At some point, I asked myself the following questions because I realized that I can’t help anyone if I eat junk food all day, don’t sleep, and don’t take care of my mental health. It’s important to ask yourself too:

  • Do you have a routine of healthy eating?
  • How do you take care of your mental health?
  • Do you manage to dedicate time to exercise or at least take a walk in the fresh air?
  • What will help you be resilient?

Now, after you’ve taken a look inside and you have the capacity to dedicate the time and energy to thinking about the community, let’s explore how you can adjust it to the new situation and to the uncertain times.

How can you adjust your community to the crisis?

It’s okay to leave your strategy on the side.

It’s okay to not follow your KPIs.

It’s okay to leave the content that you planned on your planning board without executing it. What’s relevant now is providing your members the support they need. Some of you might feel that you have to stop the community activity until the crisis passes. Remaining flexible and attentive to the changes is key. If you do find a space for adjusting your community, let’s get into some specific aspects of running the community during a crisis. All of them are based on the 9 components of community building strategy.

Members: 

Leading a community is about leading people. The members are always on top. Without members, there’s no community, so they should always be the priority.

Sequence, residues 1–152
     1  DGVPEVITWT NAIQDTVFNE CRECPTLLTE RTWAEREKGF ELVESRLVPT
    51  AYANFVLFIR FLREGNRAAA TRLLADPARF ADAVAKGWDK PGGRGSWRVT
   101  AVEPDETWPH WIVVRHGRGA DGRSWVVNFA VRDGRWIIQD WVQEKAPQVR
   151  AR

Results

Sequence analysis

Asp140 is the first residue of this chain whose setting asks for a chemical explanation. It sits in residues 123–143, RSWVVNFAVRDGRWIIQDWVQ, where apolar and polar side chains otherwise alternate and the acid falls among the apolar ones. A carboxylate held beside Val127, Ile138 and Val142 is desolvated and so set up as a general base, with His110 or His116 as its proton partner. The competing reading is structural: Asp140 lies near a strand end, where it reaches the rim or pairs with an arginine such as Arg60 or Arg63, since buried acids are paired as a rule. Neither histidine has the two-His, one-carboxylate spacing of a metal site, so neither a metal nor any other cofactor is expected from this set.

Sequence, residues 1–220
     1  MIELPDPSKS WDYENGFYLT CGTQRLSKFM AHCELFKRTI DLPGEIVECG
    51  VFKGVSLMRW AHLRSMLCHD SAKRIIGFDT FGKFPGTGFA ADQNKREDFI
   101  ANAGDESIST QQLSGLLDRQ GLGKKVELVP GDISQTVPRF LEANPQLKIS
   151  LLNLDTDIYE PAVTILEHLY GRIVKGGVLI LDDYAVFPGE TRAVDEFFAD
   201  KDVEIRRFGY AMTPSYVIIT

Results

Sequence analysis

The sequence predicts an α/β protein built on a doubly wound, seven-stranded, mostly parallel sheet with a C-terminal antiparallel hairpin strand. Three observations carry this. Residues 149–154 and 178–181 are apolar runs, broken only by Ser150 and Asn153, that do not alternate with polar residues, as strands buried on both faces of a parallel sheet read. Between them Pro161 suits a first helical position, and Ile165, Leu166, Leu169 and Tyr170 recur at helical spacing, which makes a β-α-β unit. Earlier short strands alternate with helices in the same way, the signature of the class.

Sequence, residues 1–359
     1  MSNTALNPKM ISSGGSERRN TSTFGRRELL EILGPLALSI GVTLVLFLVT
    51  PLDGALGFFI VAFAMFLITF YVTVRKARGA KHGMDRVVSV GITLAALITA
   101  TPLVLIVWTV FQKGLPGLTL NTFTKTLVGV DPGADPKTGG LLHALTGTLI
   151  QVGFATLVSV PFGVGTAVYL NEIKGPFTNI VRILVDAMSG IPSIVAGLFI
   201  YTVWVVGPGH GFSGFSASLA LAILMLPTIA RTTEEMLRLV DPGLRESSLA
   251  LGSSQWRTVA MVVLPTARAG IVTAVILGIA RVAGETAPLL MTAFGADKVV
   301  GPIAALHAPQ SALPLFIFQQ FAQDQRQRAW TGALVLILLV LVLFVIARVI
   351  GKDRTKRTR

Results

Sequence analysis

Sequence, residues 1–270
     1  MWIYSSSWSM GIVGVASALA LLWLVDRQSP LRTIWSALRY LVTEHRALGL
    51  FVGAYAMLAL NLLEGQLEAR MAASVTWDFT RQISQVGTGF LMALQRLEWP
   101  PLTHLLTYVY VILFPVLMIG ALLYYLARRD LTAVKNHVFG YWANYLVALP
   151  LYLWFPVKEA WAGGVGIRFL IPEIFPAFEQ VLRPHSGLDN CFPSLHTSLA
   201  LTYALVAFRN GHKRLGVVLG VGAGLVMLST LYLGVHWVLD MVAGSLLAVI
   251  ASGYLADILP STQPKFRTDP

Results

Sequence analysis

• What do the members need now?
  • What are their fears and challenges?
  • What can help them in this situation?

There’s no one answer. Once the crisis turns into a crisis routine, you might find the challenges prior to the crisis are the same or even worse. For example, people lose jobs and they desperately look for new ones. To tackle that, you can think creatively about how to provide them access to jobs or how they can support each other in the search process.

Provide the community members the support they need | Photo: Dim Hou

Activities: 

One of the most challenging aspects of being a community leader is adapting community activities to the current situation, particularly when you’ve already planned and worked hard on some amazing events that had to be postponed or canceled. These questions can help you figure out what to do next:

  • Which activities are relevant now and which aren’t?
  • If you can’t do in-person activities, are you able to move your activities online?
  • Is there a new activity that you can do that is relevant or even critical for the current situation?
  • Which activities will increase the sense of belonging among your members?

During a crisis, you can bring in a keynote speaker to talk about mental health. Maybe it will be useful for your members to know their legal rights or receive financial aid knowledge. Perhaps you can gather and facilitate a session where they simply share their thoughts and needs. It will help increase the sense of belonging.

Rituals: 

Community rituals help to shape and preserve the community’s cultures and values. You may take a look at them and ask yourself:

  • Are the current community’s rituals still working in the new reality?
  • Are there any new rituals that you can start to support your members?

For example, if you used to create a monthly call for 1:1 coffee, where members share which person they would love to meet and network with, maybe now is not the time. But you can start a weekly spotlight to help members find hope in the harsh days. “What made you feel good this week?” can help members remember that not everything is crushed, even when news and social media look alike.

Policy: 

While the community policy is meant to structure the community and give clear rules of Do’s and Don’ts, you can rethink the policy and adjust it during a crisis.